What’s Working and What Isn’t in Telemedicine
Half of all healthcare professionals have started using telemedicine in response to the COVID-19 coronavirus pandemic. Patients and providers are trying to adjust to such rapid changes in the provision of health care. Providers want to know how to get reimbursement for telemedicine visits. Society is working together to answer the critical questions about this next wave of health care.
Patients Respond to Telemedicine
My institution’s introduction to telemedicine was through phone call visits with patients when COVID-19 first began. When patients came to infusion after a telemedicine visit, they reported mixed responses. Some were so afraid of exposure that that they loved the idea of converting both chemotherapy teaching and provider visits to telemedicine visits. This subset seems to be adjusting to the new norm very well. They are organized, write down questions they need to ask their healthcare provider, and have a journal of side effects from their treatment. These patients come in all shapes, sizes, forms, and various age groups.
However, there is another subset of patients who still prefer face-to-face consultations. They value the in-person time they get with their healthcare provider. Many have told me that they can’t think of questions or forget to mention their side effects over the phone or on a video call with a provider, although they seem to remember exactly what to ask and talk about when they see that same provider in-person. And some older patients don’t know how to start a video visit or don’t have the resources to do so.
One solution is offering an over-the-phone consultation for patients who don’t have computer access or can’t figure out how to set up video conferencing on their computers. However, many patients are skeptical about using telemedicine moving forward. Don’t get me wrong, these patients are still afraid of the risk of exposure to COVID-19. However, they seem to find more benefit in seeing their healthcare provider in person.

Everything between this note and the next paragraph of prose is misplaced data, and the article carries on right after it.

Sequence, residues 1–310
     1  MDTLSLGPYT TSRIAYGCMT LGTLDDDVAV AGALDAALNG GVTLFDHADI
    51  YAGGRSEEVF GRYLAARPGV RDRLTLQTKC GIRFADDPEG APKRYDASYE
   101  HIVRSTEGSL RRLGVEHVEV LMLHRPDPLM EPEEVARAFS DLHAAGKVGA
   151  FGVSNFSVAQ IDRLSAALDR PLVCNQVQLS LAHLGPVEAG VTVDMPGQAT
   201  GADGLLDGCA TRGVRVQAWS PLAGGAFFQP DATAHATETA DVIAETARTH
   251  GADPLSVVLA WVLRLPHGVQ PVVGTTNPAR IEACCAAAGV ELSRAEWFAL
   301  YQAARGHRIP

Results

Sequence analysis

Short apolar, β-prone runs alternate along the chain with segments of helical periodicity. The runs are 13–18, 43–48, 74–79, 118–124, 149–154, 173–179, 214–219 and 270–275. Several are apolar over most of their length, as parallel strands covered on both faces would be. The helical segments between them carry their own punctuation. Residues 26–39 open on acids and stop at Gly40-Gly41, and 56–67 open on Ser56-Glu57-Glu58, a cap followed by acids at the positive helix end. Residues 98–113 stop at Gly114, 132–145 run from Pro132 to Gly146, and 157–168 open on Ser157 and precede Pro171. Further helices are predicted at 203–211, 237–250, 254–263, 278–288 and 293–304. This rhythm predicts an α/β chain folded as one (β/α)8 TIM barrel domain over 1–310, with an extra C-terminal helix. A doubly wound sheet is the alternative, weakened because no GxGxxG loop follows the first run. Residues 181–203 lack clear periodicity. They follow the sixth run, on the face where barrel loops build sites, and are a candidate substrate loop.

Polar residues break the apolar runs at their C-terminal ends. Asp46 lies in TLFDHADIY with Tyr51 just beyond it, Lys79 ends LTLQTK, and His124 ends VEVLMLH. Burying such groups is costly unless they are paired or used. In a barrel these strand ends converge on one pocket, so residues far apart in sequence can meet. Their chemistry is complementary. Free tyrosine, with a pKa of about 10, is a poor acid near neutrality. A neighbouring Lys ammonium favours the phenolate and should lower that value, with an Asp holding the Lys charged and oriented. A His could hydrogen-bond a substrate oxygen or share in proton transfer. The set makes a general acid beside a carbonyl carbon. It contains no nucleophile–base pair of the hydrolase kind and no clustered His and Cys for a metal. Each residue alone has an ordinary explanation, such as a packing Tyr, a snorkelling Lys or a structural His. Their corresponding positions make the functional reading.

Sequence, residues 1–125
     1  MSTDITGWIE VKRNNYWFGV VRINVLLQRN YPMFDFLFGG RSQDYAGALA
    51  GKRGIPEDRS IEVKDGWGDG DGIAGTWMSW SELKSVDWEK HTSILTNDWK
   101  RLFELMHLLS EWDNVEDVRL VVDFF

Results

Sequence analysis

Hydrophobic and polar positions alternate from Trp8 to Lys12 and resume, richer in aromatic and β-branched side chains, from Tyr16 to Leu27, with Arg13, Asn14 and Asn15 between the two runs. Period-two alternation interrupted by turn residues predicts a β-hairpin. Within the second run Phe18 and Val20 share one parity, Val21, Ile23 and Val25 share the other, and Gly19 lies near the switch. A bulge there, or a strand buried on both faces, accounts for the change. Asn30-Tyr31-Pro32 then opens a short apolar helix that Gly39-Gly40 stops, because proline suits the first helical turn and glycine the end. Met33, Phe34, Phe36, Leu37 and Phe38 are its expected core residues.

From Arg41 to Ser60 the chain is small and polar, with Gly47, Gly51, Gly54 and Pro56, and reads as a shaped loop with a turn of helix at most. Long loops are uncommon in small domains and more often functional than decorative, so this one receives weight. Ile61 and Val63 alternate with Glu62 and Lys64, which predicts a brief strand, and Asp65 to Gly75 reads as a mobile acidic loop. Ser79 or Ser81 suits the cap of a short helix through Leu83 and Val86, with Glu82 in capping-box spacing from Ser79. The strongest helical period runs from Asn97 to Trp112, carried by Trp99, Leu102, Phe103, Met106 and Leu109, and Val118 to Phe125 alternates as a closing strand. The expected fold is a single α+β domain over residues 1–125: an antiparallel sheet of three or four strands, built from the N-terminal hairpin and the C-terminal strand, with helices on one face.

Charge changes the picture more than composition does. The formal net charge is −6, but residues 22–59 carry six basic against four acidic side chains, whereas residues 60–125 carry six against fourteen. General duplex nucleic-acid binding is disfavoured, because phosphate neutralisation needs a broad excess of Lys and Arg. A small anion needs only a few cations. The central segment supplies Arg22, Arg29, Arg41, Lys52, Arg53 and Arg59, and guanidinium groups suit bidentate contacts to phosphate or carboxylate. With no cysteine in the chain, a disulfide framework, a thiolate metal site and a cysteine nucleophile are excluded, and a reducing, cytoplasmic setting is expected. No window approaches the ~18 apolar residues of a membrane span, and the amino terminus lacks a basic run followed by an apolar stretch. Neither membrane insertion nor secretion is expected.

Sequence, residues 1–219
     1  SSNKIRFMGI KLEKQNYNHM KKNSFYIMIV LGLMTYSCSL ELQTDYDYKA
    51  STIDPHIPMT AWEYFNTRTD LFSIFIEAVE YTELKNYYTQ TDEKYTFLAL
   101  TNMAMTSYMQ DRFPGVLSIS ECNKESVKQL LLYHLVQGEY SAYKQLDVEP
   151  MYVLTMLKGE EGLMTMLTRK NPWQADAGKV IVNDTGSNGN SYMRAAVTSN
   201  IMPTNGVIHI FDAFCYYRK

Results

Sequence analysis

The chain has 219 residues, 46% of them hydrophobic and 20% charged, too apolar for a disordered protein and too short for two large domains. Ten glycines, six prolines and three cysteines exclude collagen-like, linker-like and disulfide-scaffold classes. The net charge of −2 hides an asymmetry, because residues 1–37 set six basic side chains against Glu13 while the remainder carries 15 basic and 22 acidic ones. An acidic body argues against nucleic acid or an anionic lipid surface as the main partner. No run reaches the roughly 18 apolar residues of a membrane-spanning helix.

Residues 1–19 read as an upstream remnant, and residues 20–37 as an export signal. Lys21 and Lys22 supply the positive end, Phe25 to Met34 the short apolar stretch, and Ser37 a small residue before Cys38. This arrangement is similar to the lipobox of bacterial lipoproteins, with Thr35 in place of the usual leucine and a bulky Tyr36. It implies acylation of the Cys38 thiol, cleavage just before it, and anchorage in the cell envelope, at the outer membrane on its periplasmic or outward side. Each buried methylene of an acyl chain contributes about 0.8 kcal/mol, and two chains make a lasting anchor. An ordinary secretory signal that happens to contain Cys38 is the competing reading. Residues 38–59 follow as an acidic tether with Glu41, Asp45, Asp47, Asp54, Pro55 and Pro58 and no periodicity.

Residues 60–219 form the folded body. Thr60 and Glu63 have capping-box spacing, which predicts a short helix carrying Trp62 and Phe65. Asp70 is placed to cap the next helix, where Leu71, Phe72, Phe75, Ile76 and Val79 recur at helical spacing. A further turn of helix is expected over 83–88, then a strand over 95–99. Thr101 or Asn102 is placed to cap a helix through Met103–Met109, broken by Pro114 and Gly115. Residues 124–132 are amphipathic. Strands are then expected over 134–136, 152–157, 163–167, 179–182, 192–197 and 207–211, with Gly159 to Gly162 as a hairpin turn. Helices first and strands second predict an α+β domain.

How to Navigate Care in a Digital World
The same goes for nurses. The millennial generation of nurses seems to be flawless and fluent in conducting assessments and chemotherapy education over the phone or computer, whereas nurses from older generations are finding a few more challenges.
Does this mean that they will never adapt to technology and be comfortable with it? I don’t think so. But it will take some time for these nurses to become fluent in telemedicine, and we need to acknowledge this gap in the healthcare workforce.
The Cost of Telemedicine
On March 17, 2020, the Centers for Medicare and Medicaid Services (CMS) expanded the range of reimbursable services patients receive from healthcare providers so that they don’t have to travel to a healthcare facility. However, every insurance company seems to require different billing codes and modifiers to submit for these visits.
Electronic health record systems such as EPIC are critical to document telemedicine visits for reimbursement. Now we are trying to convert more of our visits to video calls so that a provider can see the patient remotely and conduct a more thorough assessment than what’s possible with a phone call alone.
All of this makes me wonder—and a lot of patients too—if this world of televisits and telemedicine is our new normal. But what about the patient population who does not have access to technology, who has cognitive deficits, or who has other barriers to using telehealth? For these and many other reasons, I think that, for the amount of oncology providers and patients who love telemedicine, just as many don’t.
I would love to know what you and your institution are doing to get patients and providers more comfortable with telemedicine. Please email your comments and thoughts to firstname.lastname@example.org